Members of the Oakland City Council, thank you for giving me this opportunity to speak.
Much of the recent news coverage has painted a grossly distorted picture of my efforts to protect children from mistreatment. More than a few journalists simply could not resist the temptation to indulge their talent for clever word play at the expense of accuracy. So please permit me to set the record straight.
I founded Parents and Teachers Against Violence in Education in Sydney Australia, in 1978. That was the same year that Sweden made news by becoming first nation to protect children from assault and battery, exactly as adults are protected. My first order of business was to launch a campaign to rid the schools of New South Wales (Australia's most populous state) of the cane--a wooden stick with which children could be beaten on their hands. That campaign succeeded. It took about 8 years.
Upon my return to the United States, my first order of business was to launch a campaign to rid the public schools of California of the paddle--a wooden board with which children could be beaten on their pelvic area. The bill, known as AB 1617, which I drafted, and which was introduced by then Assemblyman Sam Farr and vigorously promoted by my organization, became law on January 1, 1987. That took two years. The success of AB 1617 meant that the number of legal beatings of California schoolchildren dropped from about 7,000 incidents per year to 0. California became the 9th state to protect schoolchildren. Since 1987, 18 additional states have enacted similar laws bringing the total to 27. But we are still decades behind Europe where not one country permits teachers to hit schoolchildren.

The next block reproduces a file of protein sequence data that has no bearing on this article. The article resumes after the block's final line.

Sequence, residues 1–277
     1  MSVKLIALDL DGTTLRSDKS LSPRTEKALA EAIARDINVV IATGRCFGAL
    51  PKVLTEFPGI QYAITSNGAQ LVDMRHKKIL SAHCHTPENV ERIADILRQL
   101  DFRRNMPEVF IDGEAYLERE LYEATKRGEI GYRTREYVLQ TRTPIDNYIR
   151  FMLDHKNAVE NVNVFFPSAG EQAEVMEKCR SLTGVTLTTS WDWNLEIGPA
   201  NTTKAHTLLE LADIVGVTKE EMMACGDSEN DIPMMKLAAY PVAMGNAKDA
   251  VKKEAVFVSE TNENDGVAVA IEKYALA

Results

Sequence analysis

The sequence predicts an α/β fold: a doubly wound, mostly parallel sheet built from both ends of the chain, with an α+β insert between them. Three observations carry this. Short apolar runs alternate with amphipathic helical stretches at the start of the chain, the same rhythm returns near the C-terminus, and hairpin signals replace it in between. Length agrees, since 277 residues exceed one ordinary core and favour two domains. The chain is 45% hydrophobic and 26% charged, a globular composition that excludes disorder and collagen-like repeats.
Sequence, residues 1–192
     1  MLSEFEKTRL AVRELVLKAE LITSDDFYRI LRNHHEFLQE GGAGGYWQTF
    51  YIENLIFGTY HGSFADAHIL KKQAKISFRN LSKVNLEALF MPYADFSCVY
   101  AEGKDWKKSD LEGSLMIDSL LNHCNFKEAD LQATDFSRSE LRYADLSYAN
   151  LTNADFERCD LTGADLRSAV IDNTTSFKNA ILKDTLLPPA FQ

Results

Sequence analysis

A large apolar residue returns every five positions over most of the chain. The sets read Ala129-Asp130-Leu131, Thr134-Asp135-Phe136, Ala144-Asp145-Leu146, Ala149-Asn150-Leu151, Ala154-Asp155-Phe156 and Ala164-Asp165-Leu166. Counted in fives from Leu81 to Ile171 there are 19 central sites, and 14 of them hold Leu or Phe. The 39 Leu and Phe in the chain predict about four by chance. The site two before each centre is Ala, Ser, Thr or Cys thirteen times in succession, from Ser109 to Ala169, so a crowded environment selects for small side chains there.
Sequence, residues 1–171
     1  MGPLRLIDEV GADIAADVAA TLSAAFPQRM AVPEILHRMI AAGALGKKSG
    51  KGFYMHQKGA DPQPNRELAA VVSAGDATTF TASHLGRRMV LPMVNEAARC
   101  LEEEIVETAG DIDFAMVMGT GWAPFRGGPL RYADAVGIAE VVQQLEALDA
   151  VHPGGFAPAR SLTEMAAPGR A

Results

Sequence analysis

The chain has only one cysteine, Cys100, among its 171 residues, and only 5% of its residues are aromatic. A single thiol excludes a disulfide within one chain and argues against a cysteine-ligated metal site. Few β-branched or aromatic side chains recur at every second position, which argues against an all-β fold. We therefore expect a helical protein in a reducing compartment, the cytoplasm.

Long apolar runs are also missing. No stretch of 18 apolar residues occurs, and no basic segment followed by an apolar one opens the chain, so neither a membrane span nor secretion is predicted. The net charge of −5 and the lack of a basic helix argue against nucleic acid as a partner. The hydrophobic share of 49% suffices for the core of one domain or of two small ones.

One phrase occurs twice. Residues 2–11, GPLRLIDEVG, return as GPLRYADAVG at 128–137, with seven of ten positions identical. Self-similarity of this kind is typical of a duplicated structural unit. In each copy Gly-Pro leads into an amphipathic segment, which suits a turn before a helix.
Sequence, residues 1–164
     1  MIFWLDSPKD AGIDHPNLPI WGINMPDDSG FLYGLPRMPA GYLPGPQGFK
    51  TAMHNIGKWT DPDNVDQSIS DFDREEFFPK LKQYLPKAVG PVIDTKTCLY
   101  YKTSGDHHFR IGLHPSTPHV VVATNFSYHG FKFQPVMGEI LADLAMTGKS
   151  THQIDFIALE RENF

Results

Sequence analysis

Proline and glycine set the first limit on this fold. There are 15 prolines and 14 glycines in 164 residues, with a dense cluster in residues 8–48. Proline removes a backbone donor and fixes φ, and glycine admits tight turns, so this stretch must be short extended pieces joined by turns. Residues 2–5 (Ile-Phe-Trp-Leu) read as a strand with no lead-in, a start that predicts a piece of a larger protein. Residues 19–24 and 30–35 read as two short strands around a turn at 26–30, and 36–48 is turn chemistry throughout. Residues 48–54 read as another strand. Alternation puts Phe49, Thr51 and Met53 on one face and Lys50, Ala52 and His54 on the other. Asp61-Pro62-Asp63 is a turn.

A few days ago a reporter called me for an interview and left this message on my tape: "Mr. Riak, it seems you're the guy with too much spare time on his hands." Later, after we spoke, he apologized.
Some critics have claimed that government has no business invading the privacy of the home and telling people how to behave toward their children. Now let's think for a moment about some the things that people may not do to others in the privacy of their homes: spousal battery, marital rape, incest, polygamy. And that's just the short list. It is time child battering were added to it.
Justice Brandeis once said: "Our government is the potent, the omnipresent teacher. For good or for ill it teaches the whole people by example." So I urge you to set the right example here tonight. The protection of children deserves swift, unanimous, unstinting, enthusiastic support.